Hence, it is well established that a defendant has the right to present expert psychological testimony bearing on the reliability of his confession.

Nonetheless, that right has limits. While a defendant may present expert testimony bearing on psychological diagnoses that require knowledge outside the understanding of lay jurors, an expert may not testify to factors within the ken of the average juror. See Rosales, supra, 202 N.J. at 563, 998 A.2d 459. Thus, expert testimony is unnecessary to explain to jurors why a defendant might have falsely confessed after the police allegedly threatened to electrocute him. Id. at 566, 998 A.2d 459. Nor may an expert invade the jury's role by testifying that a defendant " confessed to a crime he did not commit." Id. at 552, 998 A.2d 459.

While Rosales upheld the trial court's exclusion of expert testimony about false confessions, we find the State's heavy reliance on Rosales to be misplaced. In Rosales, the Court cited King and Free with approval. It found that, as in Free and unlike in King, the expert evidence Rosales offered consisted of generalities about false confessions, untethered to any recognized psychological disorder.

In the present case, we agree with the Appellate Division's conclusion that the proposed expert opinion of Dr. Latimer was more akin to the expert testimony disallowed in Free, supra, and unlike the expert testimony allowed in King, supra.

Page 511

Here, defendant had no longstanding prior diagnosis of a mental disorder. Instead, in support of defendant's motion to allow expert testimony on false confessions, Dr. Latimer simply alluded to defendant's generalized notions of anxiety and fear in the interrogation setting, as well as his education and national origin.
[433 N.J.Super. 53] Simply stated, we find nothing exceptional about this case to require an expert to opine that defendant gave a false confession. The average juror would understand defendant's argument that because he was threatened with immediate death by electrocution he gave a false confession to save his life.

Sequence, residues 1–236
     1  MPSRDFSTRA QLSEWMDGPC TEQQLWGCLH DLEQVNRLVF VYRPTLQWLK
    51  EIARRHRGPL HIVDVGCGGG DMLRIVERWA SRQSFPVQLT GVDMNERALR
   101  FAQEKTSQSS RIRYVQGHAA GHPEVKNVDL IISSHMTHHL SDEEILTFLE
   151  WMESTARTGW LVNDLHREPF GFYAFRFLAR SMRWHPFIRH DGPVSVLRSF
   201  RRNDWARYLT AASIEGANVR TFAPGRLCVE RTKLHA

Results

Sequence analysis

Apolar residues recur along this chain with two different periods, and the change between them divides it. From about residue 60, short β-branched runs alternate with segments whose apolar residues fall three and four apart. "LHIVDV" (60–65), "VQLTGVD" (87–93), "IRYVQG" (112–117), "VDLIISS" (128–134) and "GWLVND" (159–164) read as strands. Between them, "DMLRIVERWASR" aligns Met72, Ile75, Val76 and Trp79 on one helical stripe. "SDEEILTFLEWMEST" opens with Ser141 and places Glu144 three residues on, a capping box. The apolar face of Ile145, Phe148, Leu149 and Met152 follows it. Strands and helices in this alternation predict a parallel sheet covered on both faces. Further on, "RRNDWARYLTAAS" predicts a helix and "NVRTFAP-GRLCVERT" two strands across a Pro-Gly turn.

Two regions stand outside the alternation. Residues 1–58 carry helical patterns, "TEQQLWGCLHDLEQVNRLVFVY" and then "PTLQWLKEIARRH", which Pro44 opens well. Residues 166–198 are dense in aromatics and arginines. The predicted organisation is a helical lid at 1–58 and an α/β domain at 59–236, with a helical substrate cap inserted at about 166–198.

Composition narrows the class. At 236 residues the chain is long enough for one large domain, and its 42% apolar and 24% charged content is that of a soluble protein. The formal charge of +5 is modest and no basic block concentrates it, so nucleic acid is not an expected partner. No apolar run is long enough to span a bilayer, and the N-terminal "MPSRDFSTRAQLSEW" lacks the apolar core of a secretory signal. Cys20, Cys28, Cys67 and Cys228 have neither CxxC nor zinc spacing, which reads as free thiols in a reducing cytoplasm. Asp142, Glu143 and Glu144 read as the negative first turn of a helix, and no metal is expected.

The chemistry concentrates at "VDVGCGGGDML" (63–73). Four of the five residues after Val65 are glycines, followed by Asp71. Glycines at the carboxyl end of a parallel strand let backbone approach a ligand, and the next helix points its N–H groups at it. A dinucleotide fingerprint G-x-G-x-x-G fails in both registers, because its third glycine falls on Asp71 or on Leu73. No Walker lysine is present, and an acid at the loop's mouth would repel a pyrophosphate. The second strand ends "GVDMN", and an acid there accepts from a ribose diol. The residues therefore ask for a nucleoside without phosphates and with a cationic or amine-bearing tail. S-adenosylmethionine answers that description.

[ Id. at 566, 998 A.2d 459.]

The Court also found that, on the record presented, the proposed testimony " was not about a field that is at a 'state of the art' to be considered sufficiently reliable." Id. at 565, 998 A.2d 459.[4] For future guidance, the Court provided a general principle for evaluating expert witness testimony concerning confessions:

We recognize that in some other case the evidence presented may satisfy the New Jersey Rules of Evidence to permit expert testimony regarding a defendant's confession. We are in general accord with the Attorney General's suggestion that New Jersey should follow the following principle:
[E]xpert witnesses may testify to a witness's or defendant's mental disorder and the hypothetical effect of that disorder. Expert witnesses may not, however, render an opinion on the defendant's veracity or reliability of a confession because whether a confession is reliable is a matter in the jury's exclusive province; it is essential that the testimony actually tell jurors something they would not otherwise know from their usual human experience and that it remain hypothetical or theoretical, and it must stop short of expressing the expert's judgment on the defendant's reliability in the specific instance of the confession submitted for the jury's consideration.
[ Id. at 566-67, 998 A.2d 459 (quoting 23 C.J.S. Criminal Law 1444 (2006) (footnotes omitted)).]

The Court analogized that principle to the rule allowing expert opinion on Child Sexual Abuse Accommodation Syndrome " 'to describe traits found in victims of such abuse'" but not to assess witness credibility or other " 'ultimate issues that are for jury resolution.'" Id. at 567, 998 A.2d 459 (quoting State v. J.Q., 130 N.J. 554, 556, 617 A.2d 1196 (1993)). The Court drew the same analogy to expert testimony on battered woman's syndrome. Ibid. (citing State v. Townsend, 186 N.J. 473, 492-93, 897 A.2d 316 (2006)).

[433 N.J.Super. 54] This holding was consistent with the Court's prior ruling in State v. Vandeweaghe, 177 N.J. 229, 827 A.2d 1028 (2003). In Vandeweaghe, a defense expert testified, based on defendant's history of alcohol addiction and his physical symptoms at the time of the crime, that defendant was so intoxicated that he could not form the mens rea to commit purposeful or knowing murder. Id. at 234, 827 A.2d 1028. In rebuttal, the State produced an expert who testified that because defendant was a longstanding alcoholic, he was actually less likely to be affected by ingesting large amounts of alcohol. Id. at 234-35, 827 A.2d 1028. The Court expressed no disapproval

Page 512